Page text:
Witness the grubby exercise known as “#Plandemic.” [A conspiracy theory video now banned from social media — after infecting 8 million brains.] …

People believe in a “#Plandemic” because it fits into existing convictions. A lot of people already believe — not without reason — that pharmaceutical companies cash in on suffering. Many people have heard that government labs do research on biological weapons. All true. Government has hemorrhaged credibility in recent years — even with regard to veteran public servants such as Fauci. All of these mind-sets are potential vectors for the viral #plandemic.

Americans need to understand that they are being actively targeted for disinformation campaigns by people and forces pursuing their own agendas. Conspiracy-monger Alex Jones wants to sell them overpriced nutritional supplements. Anti-vaxxers are hawking books and miracle cures. Vladimir Putin and the mandarins of Beijing are pushing the decline of the United States and the death of the Western alliance.

Some want your money. Some want your mind. Citizenship in the Internet era demands a heightened commitment to mental hygiene and skepticism. We have to learn that the information that fits neatly into our preconceptions is precisely the information we must be wary of. And even in these wild times, we must heed the late Carl Sagan, who preached that“extraordinary claims” — like grand conspiracies and healing microbes — “require extraordinary proof.”

David Von Drehle, Why people believe in a ‘plandemic’.

Take a look at the next-to-last paragraph. Someone’s missing: Steve Bannon, who pledged to “flood the zone with shit” to neutralize truth-telling about Trump.

3

Fourteen years ago, Rod Dreher introduced us to Crunchy Cons. Now his friend Tara Isablla Burton, with a degree in theology but a fairly short history of personally “faithing,” thinks Christianity Gets Weird, and wants New York Times readers to know about it.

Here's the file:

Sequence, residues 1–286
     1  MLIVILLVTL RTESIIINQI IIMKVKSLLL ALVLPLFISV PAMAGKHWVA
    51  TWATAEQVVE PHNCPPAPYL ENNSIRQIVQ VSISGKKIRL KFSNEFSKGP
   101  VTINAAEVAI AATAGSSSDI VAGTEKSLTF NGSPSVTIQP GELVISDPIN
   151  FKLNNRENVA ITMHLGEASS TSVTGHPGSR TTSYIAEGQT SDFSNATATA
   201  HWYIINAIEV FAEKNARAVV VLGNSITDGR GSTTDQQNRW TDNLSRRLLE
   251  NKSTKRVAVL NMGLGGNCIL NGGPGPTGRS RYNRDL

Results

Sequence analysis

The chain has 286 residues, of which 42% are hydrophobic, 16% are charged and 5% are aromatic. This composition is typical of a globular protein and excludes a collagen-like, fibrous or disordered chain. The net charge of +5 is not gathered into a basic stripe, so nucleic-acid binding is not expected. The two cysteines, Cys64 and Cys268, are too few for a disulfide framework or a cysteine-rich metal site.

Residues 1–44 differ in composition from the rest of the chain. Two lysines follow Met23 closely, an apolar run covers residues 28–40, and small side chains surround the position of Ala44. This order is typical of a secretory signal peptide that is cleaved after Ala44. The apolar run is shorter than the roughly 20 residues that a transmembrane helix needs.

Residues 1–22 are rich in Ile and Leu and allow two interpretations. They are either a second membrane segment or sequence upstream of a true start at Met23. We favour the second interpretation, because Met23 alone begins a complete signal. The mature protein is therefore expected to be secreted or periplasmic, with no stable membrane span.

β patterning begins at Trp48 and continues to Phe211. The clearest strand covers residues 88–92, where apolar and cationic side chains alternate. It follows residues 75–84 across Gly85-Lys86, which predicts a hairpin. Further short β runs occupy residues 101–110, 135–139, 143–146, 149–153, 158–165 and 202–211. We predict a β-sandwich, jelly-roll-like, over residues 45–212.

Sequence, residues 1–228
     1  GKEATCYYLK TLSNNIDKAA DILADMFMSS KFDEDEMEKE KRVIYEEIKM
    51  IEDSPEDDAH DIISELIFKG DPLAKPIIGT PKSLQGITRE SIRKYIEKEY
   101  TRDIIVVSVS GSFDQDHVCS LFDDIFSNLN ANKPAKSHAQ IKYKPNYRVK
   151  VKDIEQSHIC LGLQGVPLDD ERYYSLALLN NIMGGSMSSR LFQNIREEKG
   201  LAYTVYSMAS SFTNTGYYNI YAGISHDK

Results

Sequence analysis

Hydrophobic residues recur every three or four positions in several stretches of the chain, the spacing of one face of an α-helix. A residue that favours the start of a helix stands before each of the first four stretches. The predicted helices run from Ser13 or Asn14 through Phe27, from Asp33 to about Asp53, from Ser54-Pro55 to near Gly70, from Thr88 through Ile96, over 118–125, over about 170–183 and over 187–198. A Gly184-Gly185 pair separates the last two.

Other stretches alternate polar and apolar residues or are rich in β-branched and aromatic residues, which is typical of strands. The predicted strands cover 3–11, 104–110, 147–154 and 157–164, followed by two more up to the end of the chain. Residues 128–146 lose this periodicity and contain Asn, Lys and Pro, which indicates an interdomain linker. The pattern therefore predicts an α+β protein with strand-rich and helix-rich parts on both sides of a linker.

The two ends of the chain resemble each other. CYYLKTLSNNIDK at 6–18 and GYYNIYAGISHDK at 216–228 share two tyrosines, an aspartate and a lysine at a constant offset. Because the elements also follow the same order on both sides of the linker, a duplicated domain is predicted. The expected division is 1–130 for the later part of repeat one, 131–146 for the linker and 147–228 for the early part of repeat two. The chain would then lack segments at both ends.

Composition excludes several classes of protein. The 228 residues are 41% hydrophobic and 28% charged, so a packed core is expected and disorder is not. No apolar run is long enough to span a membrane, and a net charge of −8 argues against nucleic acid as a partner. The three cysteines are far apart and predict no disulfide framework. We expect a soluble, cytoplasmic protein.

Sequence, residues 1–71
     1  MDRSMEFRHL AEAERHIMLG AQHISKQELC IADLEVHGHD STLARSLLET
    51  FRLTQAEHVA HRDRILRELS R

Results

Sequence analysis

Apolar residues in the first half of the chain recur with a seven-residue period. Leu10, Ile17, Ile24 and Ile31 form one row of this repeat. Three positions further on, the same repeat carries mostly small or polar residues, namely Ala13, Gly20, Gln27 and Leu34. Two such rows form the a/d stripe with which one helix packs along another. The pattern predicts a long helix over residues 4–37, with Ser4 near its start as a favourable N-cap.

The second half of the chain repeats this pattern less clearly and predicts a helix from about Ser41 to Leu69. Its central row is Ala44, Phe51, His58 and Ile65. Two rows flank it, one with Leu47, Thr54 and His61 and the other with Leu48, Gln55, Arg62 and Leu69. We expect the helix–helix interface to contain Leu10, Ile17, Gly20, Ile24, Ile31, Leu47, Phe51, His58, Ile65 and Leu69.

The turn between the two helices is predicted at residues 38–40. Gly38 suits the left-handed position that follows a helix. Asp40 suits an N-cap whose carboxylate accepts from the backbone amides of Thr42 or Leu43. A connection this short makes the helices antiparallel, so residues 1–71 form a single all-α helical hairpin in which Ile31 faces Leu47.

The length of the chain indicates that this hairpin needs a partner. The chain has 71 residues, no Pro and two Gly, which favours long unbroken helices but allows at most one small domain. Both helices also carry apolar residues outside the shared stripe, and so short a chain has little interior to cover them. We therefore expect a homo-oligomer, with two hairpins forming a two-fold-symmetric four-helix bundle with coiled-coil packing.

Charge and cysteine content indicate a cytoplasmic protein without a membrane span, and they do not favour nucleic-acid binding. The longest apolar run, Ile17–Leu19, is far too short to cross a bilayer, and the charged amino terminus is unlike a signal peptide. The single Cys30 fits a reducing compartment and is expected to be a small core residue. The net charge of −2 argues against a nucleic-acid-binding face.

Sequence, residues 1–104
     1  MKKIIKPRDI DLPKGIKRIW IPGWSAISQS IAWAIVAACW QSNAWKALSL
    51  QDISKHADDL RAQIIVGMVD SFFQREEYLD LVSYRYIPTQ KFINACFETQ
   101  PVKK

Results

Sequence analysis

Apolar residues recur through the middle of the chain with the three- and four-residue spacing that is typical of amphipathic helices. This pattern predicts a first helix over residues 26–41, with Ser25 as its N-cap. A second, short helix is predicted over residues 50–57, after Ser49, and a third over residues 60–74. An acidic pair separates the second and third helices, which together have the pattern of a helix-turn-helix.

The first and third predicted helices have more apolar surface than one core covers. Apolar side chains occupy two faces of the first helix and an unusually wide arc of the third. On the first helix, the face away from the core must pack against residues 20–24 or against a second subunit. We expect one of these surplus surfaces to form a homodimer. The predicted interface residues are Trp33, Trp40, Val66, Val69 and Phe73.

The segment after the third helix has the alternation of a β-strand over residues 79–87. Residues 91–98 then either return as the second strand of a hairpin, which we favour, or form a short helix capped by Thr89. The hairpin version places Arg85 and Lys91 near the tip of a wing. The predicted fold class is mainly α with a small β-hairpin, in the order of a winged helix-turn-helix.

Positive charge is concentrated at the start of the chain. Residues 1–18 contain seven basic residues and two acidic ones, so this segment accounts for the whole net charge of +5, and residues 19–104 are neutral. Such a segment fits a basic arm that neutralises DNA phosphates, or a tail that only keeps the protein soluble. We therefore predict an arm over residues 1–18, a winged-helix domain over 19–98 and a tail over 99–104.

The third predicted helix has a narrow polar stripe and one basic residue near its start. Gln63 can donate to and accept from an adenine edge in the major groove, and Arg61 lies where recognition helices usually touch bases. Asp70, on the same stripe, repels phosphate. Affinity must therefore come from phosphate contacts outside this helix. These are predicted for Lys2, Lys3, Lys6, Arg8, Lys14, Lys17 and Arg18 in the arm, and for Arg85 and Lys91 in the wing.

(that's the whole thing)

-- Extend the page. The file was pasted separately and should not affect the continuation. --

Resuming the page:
Because of her audience, or perhaps via her editors, I find a lot of her wording and characterizations weirdly “off” and off-putting. I’m familiar with the sort of phenomenon she’s talking about, and I’d have to say that although she’s in the right ballpark, she’s not just “way out in left field” but somewhere in the bleacher seats much of the time. For instance.

  1. I would not affirm either half of “old-school forms of worship as a way of escaping” anything. “Escaping” is an unduly negative spin on something fundamentally sane.
  2. Her characterization of “mainline Protestant denominations like Episcopalianism and Lutheranism” was painted with a mighty broad brush.
  3. What is “weekly membership” (emphasis added) in reference to Roman Catholic churches with Latin Mass?

But the teaser is great:

Modern life is ugly, brutal and barren. Maybe you should try a Latin Mass.

And near the conclusion, she gives a characterization I can endorse:

Like the hipster obsession with ‘authenticity’ that marked the mid-2010s, the rise of Weird Christianity reflects America’s unfulfilled desire for, well, something real.

That “something real” is, in the best cases (and I suspect they are many), God.

Flaws aside, I welcome anyone using a prominent platform like the New York Times Magazine to shout out that “the fusion of ethnonationalism, unfettered capitalism and Republican Party politics that has come to define the modern white evangelical movement” is not the whole of American Christianity. Not even close.

UPDATE:

Rod Dreher on Sunday published the full text of Tara Isabella Burton’s interview of him. She got in a couple of well-formed, open-ended questions, and he really ran with thim. For my money, that interview is better than TIB’s NYT story, but TIB was casting the net wider than Catholic and Orthodox converts.

This, for me, was Rod’s best point in the interview:

The phrase “Christian values” has been worn as smooth as an old penny by overuse, especially in the mouths of political preachers. Look, I’m a theological, cultural, and political conservative, but I admit that it has become hard, almost impossible, to find the language to talk meaningfully about what it means to believe and act as a Christian. This is not a Trump-era thing; Walker Percy was lamenting the same thing forty years ago, at least. I think the term “Christian values” has become meaningless. It is taken as shorthand for opposing the Sexual Revolution, and all it entails — abortion, sexual permissiveness, gay marriage, and so forth. Don’t get me wrong, I believe that to be a faithful Christian does require one to oppose the Sexual Revolution, primarily because the Sexual Revolution offers a radically anti-Christian anthropology. But then, so does modernity — and this is an anti-Christian anthropology that clashes with the historic faith in all kinds of ways. I’m thinking of the way we relate to technology and to the economy.